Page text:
The Photographer That Loved “Lunch Pack”

Eryk Bagshaw mentioned that the food provided at the media centers of each venue “differed.”

“There was almost nothing at the softball venue, but the new national stadium had something like dumplings. And the skateboarding venue had beef croquettes. Personally, I was most pleased with that.” (Eryk Bagshaw)

At the media center where the American photographer Joe McNally frequented, they offered what seemed to be Lunch Pack sweet sandwiches to the press as snacks. (He expresses this as “pockets of soft white bread somehow welded together on four sides to make a pouch filled with strawberry jam and margarine.”) He writes in his blog, “Editing at the venues at post midnight, I’ve been eating these like popcorn.”

Italian Prefers Uber Eats: “Both Sushi and Ramen Were Great”

Instead of using convenient stores, photographer Bettini from Italy, the land of gourmet food, said, “I made full use of Uber Eats to eat sushi, sashimi, and other Japanese food. Ramen was also good.”

“I placed my order on my way back to the hotel on the shuttle bus. They had a wide range of selections, with quick delivery just as I reached the hotel.”

Bagshaw, we mentioned earlier, also switched to Uber Eats later on.

yu_photo Shutterstock.com

“I ordered various things, including ramen, sushi, and Japanese curry. But since many foreign journalists in the hotel ordered Uber Eats around the same time, there was always some confusion to figure out which delivery staff has your food (laughs). Several times, I saw about six foreign press people holding smartphones chasing people with Uber Eats delivery bag.
And even after they got hold of the staff, they had a hard time communicating…… It must have taken at least 15 minutes to actually receive the food after the delivery staff arrived.”

“The Shuttle Bus Was Irritating”

A.RICARDO Shutterstock.com

Chip Le Grand, chief reporter of the Melbourne daily newspaper “The Age” said, “With normal Olympics reporting, it’s important to listen to the voice of the local people, and get a direct feel for the city’s atmosphere. This time, for two weeks, it was like trying hard to get a look at Tokyo though glass while we were completely cut off. Tokyo is a city with the most advanced transportation system, yet we had to ride the shuttle bus for over 40 minutes to a place we can reach in 20 minutes by subway. There were lots of irritating points with transportation.” Although this could not be helped considering the Olympic bubble, there were many others who voiced the extreme inefficiency of travelling on the shuttle bus.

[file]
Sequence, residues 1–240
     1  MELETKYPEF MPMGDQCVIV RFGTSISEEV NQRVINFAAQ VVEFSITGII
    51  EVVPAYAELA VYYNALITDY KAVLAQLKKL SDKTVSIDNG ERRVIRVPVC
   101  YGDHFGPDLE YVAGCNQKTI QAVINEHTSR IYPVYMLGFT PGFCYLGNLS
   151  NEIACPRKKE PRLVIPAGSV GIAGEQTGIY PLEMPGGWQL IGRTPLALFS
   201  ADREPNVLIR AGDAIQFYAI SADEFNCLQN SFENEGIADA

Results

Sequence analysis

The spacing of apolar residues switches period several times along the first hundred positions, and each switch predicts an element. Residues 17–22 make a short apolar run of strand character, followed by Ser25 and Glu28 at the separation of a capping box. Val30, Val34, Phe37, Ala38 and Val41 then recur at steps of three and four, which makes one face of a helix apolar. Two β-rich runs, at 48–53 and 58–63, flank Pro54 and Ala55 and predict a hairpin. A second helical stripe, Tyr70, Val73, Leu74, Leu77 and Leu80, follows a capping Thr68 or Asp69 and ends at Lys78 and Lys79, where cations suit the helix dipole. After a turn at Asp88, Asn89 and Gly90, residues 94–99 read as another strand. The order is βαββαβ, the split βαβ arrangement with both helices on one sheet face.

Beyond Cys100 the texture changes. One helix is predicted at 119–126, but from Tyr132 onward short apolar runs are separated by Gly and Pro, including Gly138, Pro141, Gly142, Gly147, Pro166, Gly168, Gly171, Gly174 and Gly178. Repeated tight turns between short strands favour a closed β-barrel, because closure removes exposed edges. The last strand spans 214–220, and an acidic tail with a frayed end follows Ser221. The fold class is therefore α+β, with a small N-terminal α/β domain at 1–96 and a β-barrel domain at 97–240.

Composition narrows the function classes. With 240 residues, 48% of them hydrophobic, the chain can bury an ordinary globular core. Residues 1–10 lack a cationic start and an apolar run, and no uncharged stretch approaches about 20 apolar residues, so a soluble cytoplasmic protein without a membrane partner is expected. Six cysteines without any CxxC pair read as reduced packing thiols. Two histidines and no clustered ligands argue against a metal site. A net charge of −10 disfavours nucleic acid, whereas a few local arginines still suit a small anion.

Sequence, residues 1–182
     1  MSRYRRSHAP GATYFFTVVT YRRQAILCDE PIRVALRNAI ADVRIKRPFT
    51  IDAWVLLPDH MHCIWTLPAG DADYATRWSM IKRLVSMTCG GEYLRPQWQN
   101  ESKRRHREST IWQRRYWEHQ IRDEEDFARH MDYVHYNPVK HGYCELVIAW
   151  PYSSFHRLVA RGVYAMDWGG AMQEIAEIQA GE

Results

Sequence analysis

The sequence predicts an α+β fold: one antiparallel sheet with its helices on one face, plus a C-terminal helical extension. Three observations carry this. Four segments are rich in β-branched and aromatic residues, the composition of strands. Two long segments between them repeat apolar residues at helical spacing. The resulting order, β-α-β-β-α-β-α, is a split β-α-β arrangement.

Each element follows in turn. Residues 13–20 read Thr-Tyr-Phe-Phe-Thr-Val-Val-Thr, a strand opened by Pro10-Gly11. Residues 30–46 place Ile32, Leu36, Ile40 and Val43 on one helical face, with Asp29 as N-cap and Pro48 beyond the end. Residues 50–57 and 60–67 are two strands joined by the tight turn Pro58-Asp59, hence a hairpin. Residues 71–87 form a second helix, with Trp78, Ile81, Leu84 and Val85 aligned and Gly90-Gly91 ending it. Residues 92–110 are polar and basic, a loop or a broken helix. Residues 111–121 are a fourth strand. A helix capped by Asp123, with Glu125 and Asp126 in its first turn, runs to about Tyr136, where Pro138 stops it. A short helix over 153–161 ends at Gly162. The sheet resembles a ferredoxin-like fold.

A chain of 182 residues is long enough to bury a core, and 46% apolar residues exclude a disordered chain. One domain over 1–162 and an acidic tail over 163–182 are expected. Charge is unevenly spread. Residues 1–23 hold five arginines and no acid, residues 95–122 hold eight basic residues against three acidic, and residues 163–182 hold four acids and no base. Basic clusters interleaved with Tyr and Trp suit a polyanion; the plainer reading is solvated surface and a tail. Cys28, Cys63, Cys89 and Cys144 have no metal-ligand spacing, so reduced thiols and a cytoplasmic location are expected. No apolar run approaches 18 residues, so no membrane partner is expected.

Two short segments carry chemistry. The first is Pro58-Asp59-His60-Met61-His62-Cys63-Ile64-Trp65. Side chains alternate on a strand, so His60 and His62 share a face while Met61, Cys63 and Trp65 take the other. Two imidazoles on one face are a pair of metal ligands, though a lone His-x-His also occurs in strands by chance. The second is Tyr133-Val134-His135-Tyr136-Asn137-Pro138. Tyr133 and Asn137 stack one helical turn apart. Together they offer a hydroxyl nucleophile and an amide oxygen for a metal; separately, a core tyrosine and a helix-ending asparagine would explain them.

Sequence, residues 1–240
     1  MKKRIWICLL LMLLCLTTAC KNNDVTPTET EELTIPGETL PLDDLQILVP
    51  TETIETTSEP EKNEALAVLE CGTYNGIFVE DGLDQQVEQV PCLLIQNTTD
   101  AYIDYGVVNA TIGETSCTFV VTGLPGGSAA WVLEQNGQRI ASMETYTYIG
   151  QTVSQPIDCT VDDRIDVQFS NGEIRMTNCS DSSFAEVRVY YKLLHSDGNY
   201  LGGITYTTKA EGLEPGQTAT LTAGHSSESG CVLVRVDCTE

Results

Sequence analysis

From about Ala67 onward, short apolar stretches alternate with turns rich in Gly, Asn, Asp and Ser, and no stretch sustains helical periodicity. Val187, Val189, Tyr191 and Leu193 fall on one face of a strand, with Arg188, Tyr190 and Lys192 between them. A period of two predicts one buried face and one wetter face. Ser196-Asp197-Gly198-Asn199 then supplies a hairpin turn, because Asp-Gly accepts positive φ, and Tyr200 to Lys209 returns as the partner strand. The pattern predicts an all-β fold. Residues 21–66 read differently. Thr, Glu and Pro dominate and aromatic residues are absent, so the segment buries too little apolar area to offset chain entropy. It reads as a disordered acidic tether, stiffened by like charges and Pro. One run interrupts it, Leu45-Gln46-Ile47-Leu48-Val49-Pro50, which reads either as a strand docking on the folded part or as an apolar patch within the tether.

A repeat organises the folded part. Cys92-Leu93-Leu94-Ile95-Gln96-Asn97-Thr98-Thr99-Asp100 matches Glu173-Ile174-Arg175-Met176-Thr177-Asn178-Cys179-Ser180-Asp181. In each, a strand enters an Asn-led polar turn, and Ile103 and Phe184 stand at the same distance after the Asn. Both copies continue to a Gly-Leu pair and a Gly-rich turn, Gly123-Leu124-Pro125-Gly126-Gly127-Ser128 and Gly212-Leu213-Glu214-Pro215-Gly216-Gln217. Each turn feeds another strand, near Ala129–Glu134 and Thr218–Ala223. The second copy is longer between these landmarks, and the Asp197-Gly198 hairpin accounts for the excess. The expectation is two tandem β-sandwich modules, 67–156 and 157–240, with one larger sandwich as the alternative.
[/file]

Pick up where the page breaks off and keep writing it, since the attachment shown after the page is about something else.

The Olympic bubble also made the press work on a demanding schedule. “Everyone was physically tired,” said Bagshaw. He headed for Fukushima to cover softball and took the 1.30 am bus and arrived at 5:00 am. He waited hours for the match to start at 9:00 am, and when the game finished, he took the bus leaving at noon to return to the hotel in Tokyo, because he was not allowed to stay in Fukushima. In the afternoon of August 7, he arrived at Sapporo in Hokkaido to cover the marathon, goes back to Tokyo on August 8 for the closing ceremony, and flies back home on August 9. When we interviewed him before he went to Sapporo, he said. “It’s my first time to cover the marathon. I hope I can see some spectators.”